- The Washington Times - Tuesday, December 4, 2001

Official toll brings terror deaths down
NEW YORK A total of 3,465 persons are dead or missing from the September 11 terror attacks, according to new but still provisional figures issued yesterday.
In New York, 3,232 persons are dead or missing as a result of two fuel-laden jetliners slamming into the World Trade Center's towers, according to a spokesman for the city's emergency services.
Near Washington, 189 persons are dead or missing as a result of a third hijacked plane crashing into the Pentagon.
Another 44 persons were killed when a fourth airliner crashed in a field in Pennsylvania the same day.
The New York figures have gradually dropped as authorities double-check the lists and eliminate names erroneously listed more than once.

Boat with Haitians runs aground
MIAMI An overloaded sailboat carrying 184 Haitians ran aground in shallow water 10 miles off the Florida coast yesterday after being at sea for 10 days.
The Haitians were to be taken to the Coast Guard station in Miami. The U.S. government almost always sends illegal Haitian immigrants back to their homeland; as of September, 1,453 had been sent back this year.
The Haitians were given water and life jackets as they waited to be taken off the 31-foot wooden boat, which was stuck in 3 feet of water.
About 20 Haitians fled the boat and made it to nearby uninhabited islands, but they were found, Coast Guard Petty Officer Gene Smith said.

Hearing held for teen in massacre plot
NEW BEDFORD, Mass. A 17-year-old accused of plotting a massacre at his high school told police he wanted the event to be "bigger than Columbine" but doubted it would happen, according to an audio tape played in court yesterday.
The sometimes-inaudible tape was played at a bail hearing for Eric McKeehan, who has been held after pleading not guilty to conspiracy to commit murder and other charges.
There was no immediate bail ruling
On the tape, the accused said he believed other students looked down on him and that he planned to target specific groups including "preps" and Puerto Ricans.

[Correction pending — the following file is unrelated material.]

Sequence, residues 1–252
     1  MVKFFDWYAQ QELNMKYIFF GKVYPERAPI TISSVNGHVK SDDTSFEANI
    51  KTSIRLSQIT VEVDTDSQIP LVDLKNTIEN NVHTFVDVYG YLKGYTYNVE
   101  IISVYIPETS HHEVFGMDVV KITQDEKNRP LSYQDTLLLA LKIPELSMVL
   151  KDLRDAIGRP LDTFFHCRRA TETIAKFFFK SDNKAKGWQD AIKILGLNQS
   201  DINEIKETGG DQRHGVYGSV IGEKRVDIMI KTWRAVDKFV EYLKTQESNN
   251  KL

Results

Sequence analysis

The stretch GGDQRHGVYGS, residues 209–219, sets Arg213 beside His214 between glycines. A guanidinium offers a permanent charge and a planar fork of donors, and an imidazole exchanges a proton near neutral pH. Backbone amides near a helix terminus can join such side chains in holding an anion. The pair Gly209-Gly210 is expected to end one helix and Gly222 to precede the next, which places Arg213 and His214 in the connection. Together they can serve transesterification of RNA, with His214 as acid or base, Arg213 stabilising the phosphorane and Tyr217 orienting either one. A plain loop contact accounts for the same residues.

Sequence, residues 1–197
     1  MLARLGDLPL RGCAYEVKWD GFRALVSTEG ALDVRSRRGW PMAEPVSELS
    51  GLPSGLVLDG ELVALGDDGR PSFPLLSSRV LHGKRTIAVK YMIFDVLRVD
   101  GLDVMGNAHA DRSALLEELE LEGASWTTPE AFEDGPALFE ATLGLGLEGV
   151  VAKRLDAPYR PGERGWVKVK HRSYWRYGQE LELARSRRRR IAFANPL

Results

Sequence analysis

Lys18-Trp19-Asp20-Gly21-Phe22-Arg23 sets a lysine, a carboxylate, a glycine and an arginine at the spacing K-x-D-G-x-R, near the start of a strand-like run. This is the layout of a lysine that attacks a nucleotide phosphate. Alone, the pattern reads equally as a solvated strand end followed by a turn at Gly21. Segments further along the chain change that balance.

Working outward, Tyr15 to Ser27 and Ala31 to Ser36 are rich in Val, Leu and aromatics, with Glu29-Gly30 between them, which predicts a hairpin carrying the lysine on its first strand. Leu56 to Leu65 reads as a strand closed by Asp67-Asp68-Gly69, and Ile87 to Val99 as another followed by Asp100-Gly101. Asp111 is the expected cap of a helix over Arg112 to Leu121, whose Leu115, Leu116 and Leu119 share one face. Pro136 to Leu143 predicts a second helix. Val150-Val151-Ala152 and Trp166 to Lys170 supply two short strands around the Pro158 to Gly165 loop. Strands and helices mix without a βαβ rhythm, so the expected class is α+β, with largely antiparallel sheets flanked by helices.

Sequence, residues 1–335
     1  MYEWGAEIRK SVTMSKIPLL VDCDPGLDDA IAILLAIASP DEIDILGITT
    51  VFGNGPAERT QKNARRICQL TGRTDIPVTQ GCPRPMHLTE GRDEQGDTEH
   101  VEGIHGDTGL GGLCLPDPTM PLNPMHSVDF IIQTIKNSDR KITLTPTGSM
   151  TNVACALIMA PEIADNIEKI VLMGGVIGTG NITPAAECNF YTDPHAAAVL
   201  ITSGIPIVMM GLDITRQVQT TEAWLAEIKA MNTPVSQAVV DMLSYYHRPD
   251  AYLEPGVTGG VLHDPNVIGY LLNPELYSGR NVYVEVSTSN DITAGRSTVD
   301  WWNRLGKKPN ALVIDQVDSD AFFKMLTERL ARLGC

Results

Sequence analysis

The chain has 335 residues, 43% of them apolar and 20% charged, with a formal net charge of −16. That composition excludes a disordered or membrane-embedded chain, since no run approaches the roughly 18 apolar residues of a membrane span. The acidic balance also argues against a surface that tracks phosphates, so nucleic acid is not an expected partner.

One to plead guilty in professors' murders
CONCORD, N.H. One of the two teen-agers charged with killing two Dartmouth College professors has agreed to plead guilty as an accomplice in one of the deaths, prosecutors said yesterday.
James Parker, 17, will admit he was an accomplice to second-degree murder in the death of Susanne Zantop, the attorney general's office said. In exchange, a first-degree murder charge will be dropped.
The Parker youth and Robert Tulloch, 18, were both charged with first-degree murder in the Jan. 27 stabbing deaths of Mrs. Zantop and her husband, Half, in their Hanover home.
Last week, the attorney for Mr. Tulloch said he will use an insanity defense when his trial begins April 8.

Spacewalkers fix docking mechanism
CAPE CANAVERAL, Fla. Two spacewalking cosmonauts successfully removed a rubber seal yesterday that had jammed a docking mechanism at the International Space Station and forced a shuttle-launch delay.
The obstruction disrupted NASA's plans last week to send space shuttle Endeavour on a space station delivery mission. Liftoff is now scheduled for tomorrow evening, five days late.
An O-ring seal, apparently left behind by the previous supply ship, prevented a new Russian cargo ship from hooking onto the space station last Wednesday. None of the hatches closed, and the unmanned ship was left hanging loosely from the orbiting outpost.
NASA feared the ship might wobble and damage the station when Endeavour pulled up with a slight jolt.
As a result, shuttle managers put off the launch until after the spacewalk

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